Mana 'Otai casts an eye over his Tongan team at the Millennium Stadium
Tongan coach Mana 'Otai has described tonight's clash with Wales in Cardiff as a once in a lifetime opportunity.
It's a huge occasion and I would like to thank the International Rugby Board for giving us the opportunity to play these tier one nations
The South Sea Islanders provide the opposition for the third of the four Dove Men Series Tests this autumn and the man charged with creating an upset is delighted to have been given the chance to do something special.
"It's a once in a lifetime opportunity. I never played at the Millennium Stadium but it is my team's time and I'm sure they will cherish the opportunity," said 'Otai, a former No. 8 and Tonga A coach.
"Wales is a rugby-mad country and Tonga is just the same.
"It's a huge occasion and I would like to thank the International Rugby Board for giving us the opportunity to play these tier one nations. It has helped the game and the way we develop. The gap is narrowing and these matches help us and the image of the game."
Tonga come to the Welsh capital on the back of successive defeats to France and Romania but they showed plenty of glimpses of their potential, particularly in Paris.
And while they are known for their physical approach to proceedings, 'Otai insists his men are far more than just a big-hitting bunch.
"Wales will expect us to be physical, that's one of our strengths, but it's about how well you use those and how you exploit their weaknesses," added the Tonga head coach, who has made four changes to his starting XV for tonight's Test.
"We're far more organised than we used to be. We used to be very instinctive but we're trying to bring a lot more structure to our game. It helps, but it also takes away a bit of our natural flair, so we have to find the right mix."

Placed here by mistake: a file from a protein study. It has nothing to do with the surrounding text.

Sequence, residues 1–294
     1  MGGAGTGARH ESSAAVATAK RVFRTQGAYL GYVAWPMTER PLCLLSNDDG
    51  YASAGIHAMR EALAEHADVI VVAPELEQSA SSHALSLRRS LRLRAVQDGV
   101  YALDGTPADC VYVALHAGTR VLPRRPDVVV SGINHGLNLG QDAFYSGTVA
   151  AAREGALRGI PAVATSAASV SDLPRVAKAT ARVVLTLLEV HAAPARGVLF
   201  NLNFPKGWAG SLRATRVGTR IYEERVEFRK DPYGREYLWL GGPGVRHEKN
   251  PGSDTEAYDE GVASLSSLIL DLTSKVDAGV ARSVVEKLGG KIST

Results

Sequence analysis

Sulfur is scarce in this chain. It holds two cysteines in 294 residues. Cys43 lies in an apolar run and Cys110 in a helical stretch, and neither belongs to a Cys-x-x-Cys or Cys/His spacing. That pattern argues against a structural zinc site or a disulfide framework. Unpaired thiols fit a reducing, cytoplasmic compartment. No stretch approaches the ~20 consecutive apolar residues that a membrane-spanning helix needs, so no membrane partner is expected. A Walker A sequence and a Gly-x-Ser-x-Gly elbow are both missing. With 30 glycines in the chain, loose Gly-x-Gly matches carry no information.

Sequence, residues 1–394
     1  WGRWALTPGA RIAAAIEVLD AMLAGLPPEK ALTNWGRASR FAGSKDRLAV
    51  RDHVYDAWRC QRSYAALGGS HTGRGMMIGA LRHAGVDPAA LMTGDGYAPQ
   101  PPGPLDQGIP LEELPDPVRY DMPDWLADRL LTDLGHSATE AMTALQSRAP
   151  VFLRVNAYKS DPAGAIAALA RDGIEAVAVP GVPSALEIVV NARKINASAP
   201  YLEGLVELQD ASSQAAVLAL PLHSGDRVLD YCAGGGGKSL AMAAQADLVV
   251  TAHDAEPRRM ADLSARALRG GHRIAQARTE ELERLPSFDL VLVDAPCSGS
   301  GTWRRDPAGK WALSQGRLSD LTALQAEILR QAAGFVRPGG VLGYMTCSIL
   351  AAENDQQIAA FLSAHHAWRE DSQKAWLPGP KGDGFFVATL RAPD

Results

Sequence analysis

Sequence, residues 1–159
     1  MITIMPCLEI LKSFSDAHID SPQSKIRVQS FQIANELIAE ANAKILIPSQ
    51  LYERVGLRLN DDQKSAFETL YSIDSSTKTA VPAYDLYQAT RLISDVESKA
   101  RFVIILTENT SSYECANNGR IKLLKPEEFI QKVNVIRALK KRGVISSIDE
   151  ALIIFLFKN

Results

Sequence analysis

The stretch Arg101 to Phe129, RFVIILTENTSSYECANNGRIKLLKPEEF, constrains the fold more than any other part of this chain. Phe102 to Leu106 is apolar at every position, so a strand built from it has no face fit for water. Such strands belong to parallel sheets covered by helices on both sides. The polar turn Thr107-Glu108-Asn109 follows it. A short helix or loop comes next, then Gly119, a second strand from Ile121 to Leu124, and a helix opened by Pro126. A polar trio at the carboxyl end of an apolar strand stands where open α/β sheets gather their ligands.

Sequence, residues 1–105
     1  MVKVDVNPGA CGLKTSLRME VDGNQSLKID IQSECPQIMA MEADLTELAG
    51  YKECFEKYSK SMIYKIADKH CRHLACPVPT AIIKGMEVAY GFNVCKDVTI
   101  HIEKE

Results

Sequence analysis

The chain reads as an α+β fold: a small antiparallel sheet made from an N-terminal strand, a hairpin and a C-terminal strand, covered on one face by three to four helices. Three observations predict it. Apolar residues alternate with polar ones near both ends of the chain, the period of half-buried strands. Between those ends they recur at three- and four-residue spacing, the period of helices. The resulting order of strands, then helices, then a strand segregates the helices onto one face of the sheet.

Wales head coach Warren Gatland has made 11 changes for tonight's clash with young guns Hallam Amos, Jordan Williams and Rhodri Williams all set to win their first international caps.
"There are a few Welsh players I am aware of but the reality is anybody who has been called to represent your country at that level, let alone in such a mad rugby country as Wales, will be a top player," said 'Otai.
"I think Wales have a very balanced side and we have to focus on how we play. To be honest, I often say to the players we are the weakness, the game is in our control.
"Our captain is a very inspirational leader of the team and if the players play to the best of their ability, then anything above that is a bonus.
"We have a fairly experienced back line as well and the two centres have been around a while - our talent is spread throughout the side and in the pack as well."
After two years in the international wilderness, Adi Taviner is hoping to make up for lost time when she takes part in her second Women's Rugby World Cup which kicks off in Paris next Friday where Wales take on hosts, France.
The WRU's Women and Girls legacy events - #TRY OUR GAME have proved popular this week with current players and newcomers to the game learning new skills and picking up tips from national squad players.
We caught up with Shona and Ellie from the Wales women team ahead of the start of the Women's Rugby World Cup in Paris next month at a recent women's training session to encourage and promote more women and girls to try their hand at rugby. #tryourgame
The Women's Rugby World Cup warm-up clash between Wales and USA proved bittersweet for centre Elen Evans. Despite being one of the star performers on the day on her 50th Test appearance, USA edged home 10-7 at Cross Keys.
Wales completed their Junior World Championship campaign with a victory over Samoa. Team manager Mark Taylor and No 8 James Benjamin reflect on a tournament which saw Wales win three games and lose two.